January 1813the British army is preparing to cross the Pyrenees and advance against Napoleon's army. Only one thing stands in the wayfunds. It will take two people masquerading as lovers to carry out a dangerous plan
Despite inheriting the traveling Cirque EquestreFrance's proudest equestrian traditionGabrielle Rochon has no loyalty to the emperor who destroyed her family's way of life. Independent and headstrong, she pledges to help the British army, knowing her late father would have done the same. But her mission to smuggle gold across France within the cirque to the Duke of Wellington's headquarters in Spain is one the British won't let her do alone.
Colonel Leo Branfordan arrogant, striking foreigneris ordered to play the part of her husband so that he may escort the gold without arousing enemy suspicions.
While Gabrielle is annoyed that she must publicly bow to his every whim, the danger of the mission binds them in a disturbingly intimate way. With French troops precariously close to uncovering their charade, it is imperative that neither of them forget their purpose or themselves.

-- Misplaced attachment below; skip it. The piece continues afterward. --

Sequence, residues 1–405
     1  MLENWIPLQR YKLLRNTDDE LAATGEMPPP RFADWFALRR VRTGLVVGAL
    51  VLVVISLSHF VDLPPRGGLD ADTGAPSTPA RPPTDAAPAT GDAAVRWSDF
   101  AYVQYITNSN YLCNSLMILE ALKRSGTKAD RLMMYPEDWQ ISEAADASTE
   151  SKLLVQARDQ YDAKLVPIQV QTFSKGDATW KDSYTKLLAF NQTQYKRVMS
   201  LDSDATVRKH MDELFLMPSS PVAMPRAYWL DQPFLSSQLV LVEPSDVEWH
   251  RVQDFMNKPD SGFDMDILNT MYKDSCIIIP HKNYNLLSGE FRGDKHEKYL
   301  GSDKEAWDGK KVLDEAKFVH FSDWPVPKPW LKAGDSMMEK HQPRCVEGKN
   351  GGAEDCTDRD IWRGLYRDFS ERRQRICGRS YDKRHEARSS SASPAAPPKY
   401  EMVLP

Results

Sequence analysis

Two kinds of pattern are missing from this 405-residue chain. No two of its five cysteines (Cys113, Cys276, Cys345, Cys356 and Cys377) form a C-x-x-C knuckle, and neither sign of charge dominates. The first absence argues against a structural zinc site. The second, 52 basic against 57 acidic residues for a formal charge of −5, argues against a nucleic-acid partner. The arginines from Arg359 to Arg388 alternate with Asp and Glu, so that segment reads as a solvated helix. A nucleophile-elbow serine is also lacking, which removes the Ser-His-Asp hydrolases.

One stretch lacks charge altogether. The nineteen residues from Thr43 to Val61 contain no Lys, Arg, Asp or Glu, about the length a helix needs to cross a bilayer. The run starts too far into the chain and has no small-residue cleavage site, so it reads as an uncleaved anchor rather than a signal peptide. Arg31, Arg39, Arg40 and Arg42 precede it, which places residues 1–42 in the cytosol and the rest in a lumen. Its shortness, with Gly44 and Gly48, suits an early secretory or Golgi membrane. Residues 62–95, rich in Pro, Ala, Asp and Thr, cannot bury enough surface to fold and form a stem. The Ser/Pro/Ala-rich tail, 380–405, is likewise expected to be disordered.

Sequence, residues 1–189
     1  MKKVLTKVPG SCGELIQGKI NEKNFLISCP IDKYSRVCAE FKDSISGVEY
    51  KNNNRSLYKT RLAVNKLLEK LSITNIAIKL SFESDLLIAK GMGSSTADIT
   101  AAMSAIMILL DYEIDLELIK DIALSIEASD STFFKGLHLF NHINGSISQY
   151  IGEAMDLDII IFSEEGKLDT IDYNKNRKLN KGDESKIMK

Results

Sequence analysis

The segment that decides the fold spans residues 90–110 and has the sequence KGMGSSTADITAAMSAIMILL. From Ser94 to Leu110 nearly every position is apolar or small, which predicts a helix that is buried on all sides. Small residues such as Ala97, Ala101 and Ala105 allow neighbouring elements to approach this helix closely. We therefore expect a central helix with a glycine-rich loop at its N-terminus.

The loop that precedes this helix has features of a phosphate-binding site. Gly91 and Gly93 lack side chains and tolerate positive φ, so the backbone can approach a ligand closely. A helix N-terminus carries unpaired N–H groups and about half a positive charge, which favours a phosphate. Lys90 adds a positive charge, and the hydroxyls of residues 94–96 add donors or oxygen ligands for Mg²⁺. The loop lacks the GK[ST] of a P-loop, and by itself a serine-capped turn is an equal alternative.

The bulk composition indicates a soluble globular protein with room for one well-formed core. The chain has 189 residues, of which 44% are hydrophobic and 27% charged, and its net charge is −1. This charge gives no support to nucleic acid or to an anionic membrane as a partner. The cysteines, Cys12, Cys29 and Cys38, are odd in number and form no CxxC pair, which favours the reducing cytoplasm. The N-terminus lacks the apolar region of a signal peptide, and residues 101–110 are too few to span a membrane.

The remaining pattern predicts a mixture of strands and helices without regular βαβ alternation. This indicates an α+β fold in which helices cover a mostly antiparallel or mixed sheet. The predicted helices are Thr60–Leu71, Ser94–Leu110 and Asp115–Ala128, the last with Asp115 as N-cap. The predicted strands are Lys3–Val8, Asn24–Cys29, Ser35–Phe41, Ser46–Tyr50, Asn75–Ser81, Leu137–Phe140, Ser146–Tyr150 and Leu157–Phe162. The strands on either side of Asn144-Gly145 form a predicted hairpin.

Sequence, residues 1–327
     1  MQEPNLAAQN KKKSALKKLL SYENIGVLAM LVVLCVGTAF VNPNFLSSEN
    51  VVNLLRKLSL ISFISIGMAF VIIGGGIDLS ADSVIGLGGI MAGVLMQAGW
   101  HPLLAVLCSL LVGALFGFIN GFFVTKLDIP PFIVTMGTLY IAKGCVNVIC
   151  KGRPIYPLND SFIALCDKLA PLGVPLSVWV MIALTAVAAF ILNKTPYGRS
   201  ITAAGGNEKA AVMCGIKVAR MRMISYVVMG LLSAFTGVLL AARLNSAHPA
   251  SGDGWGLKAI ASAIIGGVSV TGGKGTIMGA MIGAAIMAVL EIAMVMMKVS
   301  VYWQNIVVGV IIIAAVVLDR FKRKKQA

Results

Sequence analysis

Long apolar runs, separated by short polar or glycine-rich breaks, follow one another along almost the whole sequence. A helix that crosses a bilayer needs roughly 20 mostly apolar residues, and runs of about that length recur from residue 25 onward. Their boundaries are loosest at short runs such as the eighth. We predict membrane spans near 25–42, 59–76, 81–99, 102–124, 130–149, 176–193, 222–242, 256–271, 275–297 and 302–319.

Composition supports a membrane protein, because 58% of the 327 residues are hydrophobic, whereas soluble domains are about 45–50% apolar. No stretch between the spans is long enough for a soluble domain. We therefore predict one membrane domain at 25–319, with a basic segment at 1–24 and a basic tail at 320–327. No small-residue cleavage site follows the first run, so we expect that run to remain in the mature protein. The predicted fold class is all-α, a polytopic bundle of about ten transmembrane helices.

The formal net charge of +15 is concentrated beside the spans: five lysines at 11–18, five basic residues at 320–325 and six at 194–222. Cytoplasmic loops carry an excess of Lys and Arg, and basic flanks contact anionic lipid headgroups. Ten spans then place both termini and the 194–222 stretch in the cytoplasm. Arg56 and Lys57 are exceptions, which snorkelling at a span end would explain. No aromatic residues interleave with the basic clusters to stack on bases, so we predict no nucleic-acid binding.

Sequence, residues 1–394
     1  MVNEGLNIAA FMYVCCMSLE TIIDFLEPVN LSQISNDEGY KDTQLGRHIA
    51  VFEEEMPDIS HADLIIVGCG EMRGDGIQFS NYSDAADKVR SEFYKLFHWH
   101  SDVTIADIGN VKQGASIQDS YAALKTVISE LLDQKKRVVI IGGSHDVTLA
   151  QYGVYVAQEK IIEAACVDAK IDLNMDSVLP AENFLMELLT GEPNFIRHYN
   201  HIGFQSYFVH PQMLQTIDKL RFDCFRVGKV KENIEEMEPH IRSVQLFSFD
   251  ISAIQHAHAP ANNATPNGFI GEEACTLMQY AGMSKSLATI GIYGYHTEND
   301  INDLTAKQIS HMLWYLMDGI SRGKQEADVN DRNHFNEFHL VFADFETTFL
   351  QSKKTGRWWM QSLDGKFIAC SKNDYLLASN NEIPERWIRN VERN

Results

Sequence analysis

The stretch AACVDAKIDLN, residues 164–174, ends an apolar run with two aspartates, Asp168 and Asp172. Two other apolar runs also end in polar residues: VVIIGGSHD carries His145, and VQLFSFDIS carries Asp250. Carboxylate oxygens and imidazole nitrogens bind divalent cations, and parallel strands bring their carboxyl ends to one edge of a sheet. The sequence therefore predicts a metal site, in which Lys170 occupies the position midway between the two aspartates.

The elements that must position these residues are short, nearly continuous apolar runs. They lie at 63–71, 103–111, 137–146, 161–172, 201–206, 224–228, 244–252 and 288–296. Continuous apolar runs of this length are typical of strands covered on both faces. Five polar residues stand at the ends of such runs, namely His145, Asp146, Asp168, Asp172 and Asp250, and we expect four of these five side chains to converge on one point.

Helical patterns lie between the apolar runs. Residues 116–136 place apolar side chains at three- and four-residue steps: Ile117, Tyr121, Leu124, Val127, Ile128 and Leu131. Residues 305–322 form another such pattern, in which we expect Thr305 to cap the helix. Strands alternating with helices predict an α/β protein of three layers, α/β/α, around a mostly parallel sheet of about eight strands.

An arrogant aristocrat learns what it's like to live with a traveling circus--and the circus's strikingly beautiful equestrian--in Wolf's newest romance (after High Meadow), which takes place during the Napoleonic wars. Headstrong Gabrielle Robichon, leader of the Cirque Equestre, has agreed to help the English transport a vast amount of gold, desperately needed by Wellington, across France to Spain. But she's less than thrilled to learn that the English want handsome Col. Leo Standish, the earl of Bradford, to pose as her husband and accompany her. Tension simmers between Leo, who considers the assignment beneath him, and the fiercely independent Gabrielle, but when personal enmities erupt within the little circus family and French surveillance intensifies, the two are forced to play their roles with greater enthusiasm. Naturally, their playacting gives way to real passion, but their relationship too often takes a backseat to the goings-on within the troupe. Wolf has obviously done her research on circuses and Lipizzan horses, but her expository writing style and inclusion of unnecessary detail dampens the story's intensity. Although this is far from Wolf's best effort, it is a serviceable romance with a refreshing setting and well-drawn protagonists.